As part of our 2011 Dining Guide, we asked a few of the city’s chefs about their work, and what dishes to expect from their kitchens this season. Luke Kennedy is Chef de Cuisine at Bannock.
Bannock offers regional Canadian cuisine in a casual environment. Why do you think this style of cuisine and dining have become so popular in recent years?
Casual is popular right now because of the economy. The restaurant industry always ebbs and flows with the economy. Also, diners are more educated and the magic show of ultra-fine dining doesn’t play out as well as it used to. Why is Canadian cuisine popular? Because we have a young generation of chefs exploring their own country.
What’s the secret to making good bannock?
There is no one true recipe; there are hundreds to choose from. The key is to find a recipe you are comfortable with—and don’t overmix!
What are the dishes you’re most excited about serving in the coming months?
Braised meats all the way! Working in a comfort food restaurant, I’m going to get to serve some heavy, cold-weather meat dishes.
As part of our 2011 Dining Guide, we asked a few of the city’s chefs about their work, and what dishes to expect from their kitchens this season. Tom Brodi is the Executive Chef at Toca, the restaurant at the Ritz-Carlton Toronto Hotel.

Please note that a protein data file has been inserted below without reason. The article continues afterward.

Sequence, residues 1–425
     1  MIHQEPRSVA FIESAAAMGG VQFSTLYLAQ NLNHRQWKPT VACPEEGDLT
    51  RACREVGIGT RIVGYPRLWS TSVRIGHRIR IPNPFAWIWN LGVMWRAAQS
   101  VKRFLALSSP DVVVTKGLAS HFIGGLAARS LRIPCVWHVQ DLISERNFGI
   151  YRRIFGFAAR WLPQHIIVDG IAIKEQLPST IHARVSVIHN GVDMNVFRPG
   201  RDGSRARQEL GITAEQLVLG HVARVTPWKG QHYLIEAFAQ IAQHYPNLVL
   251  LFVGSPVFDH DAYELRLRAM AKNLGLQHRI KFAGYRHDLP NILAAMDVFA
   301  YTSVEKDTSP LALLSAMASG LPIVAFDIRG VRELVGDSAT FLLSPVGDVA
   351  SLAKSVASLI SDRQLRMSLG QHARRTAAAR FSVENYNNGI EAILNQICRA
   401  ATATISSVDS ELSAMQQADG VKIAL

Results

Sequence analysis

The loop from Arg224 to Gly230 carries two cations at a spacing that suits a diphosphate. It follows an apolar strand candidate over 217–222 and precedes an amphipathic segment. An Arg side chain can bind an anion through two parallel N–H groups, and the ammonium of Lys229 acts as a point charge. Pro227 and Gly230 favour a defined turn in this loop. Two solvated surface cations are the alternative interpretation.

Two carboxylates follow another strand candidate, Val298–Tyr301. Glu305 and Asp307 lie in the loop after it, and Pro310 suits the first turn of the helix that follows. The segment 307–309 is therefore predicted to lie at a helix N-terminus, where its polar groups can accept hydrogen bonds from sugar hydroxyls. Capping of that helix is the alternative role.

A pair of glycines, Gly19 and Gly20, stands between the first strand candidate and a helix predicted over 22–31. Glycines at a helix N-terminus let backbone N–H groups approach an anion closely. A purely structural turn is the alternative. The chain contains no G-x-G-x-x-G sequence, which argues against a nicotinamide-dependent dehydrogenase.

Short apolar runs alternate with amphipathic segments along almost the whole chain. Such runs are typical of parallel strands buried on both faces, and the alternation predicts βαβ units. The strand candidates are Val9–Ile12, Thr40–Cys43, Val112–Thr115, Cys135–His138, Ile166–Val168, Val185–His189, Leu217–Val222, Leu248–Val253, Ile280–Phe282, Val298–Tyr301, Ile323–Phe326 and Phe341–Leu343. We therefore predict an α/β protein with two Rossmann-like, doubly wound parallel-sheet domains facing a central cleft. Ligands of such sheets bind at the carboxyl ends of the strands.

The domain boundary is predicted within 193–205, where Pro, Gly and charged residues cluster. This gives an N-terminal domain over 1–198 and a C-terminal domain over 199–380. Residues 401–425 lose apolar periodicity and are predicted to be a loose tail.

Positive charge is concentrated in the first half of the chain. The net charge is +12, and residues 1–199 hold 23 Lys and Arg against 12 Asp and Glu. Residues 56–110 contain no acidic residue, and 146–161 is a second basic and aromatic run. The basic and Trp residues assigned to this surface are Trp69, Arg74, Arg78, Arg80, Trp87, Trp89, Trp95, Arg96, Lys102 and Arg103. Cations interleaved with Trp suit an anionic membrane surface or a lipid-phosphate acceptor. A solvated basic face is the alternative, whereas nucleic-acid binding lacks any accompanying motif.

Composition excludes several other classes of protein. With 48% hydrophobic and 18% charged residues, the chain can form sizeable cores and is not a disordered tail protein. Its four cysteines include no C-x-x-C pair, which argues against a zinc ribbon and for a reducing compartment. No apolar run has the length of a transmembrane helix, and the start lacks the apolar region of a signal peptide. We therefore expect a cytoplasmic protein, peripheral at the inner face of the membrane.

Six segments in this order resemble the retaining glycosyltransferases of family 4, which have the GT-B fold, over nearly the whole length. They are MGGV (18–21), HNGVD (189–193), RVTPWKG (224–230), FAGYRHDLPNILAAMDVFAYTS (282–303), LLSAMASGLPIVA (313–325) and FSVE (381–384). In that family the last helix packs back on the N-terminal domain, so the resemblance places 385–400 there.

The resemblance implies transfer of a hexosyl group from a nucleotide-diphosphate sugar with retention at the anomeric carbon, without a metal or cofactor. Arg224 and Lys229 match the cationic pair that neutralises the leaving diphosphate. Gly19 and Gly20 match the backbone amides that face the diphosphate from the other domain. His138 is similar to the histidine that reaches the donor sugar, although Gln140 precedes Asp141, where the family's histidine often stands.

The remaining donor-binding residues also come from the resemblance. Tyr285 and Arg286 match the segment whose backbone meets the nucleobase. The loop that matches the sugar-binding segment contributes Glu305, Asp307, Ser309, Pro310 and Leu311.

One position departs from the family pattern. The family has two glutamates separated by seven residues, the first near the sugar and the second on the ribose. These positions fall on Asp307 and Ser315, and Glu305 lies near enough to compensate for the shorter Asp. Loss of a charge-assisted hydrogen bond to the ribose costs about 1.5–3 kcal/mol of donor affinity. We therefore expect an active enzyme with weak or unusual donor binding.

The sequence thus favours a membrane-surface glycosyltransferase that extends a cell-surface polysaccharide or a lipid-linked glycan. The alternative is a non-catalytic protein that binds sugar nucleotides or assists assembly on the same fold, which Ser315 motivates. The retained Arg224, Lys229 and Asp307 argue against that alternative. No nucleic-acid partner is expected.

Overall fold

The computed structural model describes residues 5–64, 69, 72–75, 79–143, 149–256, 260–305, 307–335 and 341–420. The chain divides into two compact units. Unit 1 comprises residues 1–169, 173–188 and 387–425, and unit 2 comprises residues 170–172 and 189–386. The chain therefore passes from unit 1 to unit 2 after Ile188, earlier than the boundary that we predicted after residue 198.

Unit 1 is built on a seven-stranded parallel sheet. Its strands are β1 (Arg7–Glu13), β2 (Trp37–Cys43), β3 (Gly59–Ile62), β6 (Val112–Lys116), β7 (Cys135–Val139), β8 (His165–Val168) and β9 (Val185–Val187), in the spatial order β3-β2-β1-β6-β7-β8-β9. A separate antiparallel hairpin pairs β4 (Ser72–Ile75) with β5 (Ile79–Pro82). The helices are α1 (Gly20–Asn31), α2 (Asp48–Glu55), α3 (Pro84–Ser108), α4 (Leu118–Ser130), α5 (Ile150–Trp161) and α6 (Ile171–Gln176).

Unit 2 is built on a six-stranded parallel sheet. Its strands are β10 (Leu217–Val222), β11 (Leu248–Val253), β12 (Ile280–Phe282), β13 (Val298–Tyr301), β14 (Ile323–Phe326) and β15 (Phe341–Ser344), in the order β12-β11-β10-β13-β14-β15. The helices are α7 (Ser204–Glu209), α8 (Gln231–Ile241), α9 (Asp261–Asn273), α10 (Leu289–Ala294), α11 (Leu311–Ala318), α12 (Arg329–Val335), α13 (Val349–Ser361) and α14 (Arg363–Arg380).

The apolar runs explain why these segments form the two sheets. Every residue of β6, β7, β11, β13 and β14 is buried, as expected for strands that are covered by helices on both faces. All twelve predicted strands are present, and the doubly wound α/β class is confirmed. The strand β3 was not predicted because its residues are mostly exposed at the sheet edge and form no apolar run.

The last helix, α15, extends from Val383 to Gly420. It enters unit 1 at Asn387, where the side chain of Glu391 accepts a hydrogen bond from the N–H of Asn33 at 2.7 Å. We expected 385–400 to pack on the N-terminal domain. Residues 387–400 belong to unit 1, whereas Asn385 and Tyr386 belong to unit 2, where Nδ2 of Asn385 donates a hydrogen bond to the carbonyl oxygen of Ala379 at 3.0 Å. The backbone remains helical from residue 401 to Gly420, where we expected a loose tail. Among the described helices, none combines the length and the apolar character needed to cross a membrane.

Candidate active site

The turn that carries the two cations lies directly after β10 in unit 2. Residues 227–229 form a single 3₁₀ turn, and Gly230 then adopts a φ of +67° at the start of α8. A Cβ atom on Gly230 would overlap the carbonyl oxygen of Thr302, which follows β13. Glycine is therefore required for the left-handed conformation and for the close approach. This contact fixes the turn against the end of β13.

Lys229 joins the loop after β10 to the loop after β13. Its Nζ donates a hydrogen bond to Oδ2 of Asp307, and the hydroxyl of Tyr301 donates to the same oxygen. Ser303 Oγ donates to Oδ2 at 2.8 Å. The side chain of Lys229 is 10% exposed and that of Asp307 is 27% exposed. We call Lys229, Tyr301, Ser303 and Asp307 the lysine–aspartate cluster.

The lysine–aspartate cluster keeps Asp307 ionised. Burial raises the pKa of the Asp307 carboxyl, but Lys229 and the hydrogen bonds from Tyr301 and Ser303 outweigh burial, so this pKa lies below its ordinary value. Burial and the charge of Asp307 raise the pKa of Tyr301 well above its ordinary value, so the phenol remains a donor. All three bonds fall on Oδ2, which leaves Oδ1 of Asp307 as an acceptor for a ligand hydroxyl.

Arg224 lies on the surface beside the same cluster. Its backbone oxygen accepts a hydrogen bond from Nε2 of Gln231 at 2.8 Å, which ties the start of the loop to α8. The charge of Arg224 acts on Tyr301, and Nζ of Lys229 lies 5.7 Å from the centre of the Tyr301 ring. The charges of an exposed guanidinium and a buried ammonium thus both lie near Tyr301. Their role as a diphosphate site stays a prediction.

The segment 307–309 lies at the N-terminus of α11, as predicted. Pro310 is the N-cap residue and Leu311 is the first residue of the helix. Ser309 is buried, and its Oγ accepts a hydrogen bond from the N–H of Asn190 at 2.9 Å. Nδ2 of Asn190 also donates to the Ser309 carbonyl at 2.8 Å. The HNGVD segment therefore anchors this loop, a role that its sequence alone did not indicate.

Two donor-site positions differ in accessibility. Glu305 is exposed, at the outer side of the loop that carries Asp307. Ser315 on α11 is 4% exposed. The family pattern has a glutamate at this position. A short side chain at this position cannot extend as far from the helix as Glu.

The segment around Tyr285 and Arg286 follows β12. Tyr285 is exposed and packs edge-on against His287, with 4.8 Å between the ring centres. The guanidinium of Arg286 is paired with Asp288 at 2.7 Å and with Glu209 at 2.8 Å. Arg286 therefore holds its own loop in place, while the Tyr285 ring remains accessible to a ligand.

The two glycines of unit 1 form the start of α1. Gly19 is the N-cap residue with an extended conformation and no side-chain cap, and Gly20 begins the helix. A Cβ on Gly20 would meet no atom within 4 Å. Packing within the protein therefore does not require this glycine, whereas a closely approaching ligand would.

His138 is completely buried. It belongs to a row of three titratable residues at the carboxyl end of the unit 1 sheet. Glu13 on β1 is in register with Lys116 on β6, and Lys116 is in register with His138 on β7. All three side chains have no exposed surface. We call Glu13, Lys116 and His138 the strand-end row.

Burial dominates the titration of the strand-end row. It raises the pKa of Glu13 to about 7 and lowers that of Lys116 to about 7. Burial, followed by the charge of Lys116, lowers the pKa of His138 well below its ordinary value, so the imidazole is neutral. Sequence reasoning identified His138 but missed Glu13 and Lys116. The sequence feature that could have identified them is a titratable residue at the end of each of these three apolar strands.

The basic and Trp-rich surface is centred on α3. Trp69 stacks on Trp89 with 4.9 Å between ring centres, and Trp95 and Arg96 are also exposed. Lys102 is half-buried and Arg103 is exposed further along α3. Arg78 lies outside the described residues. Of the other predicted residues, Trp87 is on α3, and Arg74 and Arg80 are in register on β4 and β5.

Can you tell us about some of the challenges of working in the restaurant
of a major hotel?
I would not say challenges but opportunities. It’s about understanding a different side of the business, which has helped me develop as a restaurateur and chef. An independent restaurant and a hotel run differently, and one of the advantages of running a restaurant at a hotel is that there are so many resources accessible to me. The administrative aspects of the business are very process-oriented and planned well in advance at a hotel; this is not typical at an independent restaurant. There are also some things that make life easy, such as being able to call the engineering department when I need my stove calibrated.
Toca continues the trend of serving regional Canadian dishes. Why do you think this style of cuisine has become so popular in recent years?
It’s not that it’s a popular trend so much as it is that knowledge and awareness of our choices is more accessible and the idea of supporting local farmers makes sense in our culture and economy. Why would I want truck a tomato from California when I can get one from less than 100 kilometres away. People purchase local products, and this gives farmers the ability to invest in their business. It makes economic sense, and the product tastes better! What a treat to visit the farm and touch the earth that grows what I will serve my guests for dinner.
Clearly, one of the restaurant’s highlights is its cheese cave. How are its cheeses chosen? Are there any that are particularly unique?
We strive to find exceptional cheeses that have a wonderful story behind them. An example is the “1608”—the year when a herd of dairy cattle was brought from Europe to Quebec to produce a cheese that we serve today. Though we have a lot of local cheeses, we also have international ones that might remind a traveller of what they consider their local cheese from home. I’m now working directly with some local dairies that are producing exciting cheeses that should be ready to serve in the spring.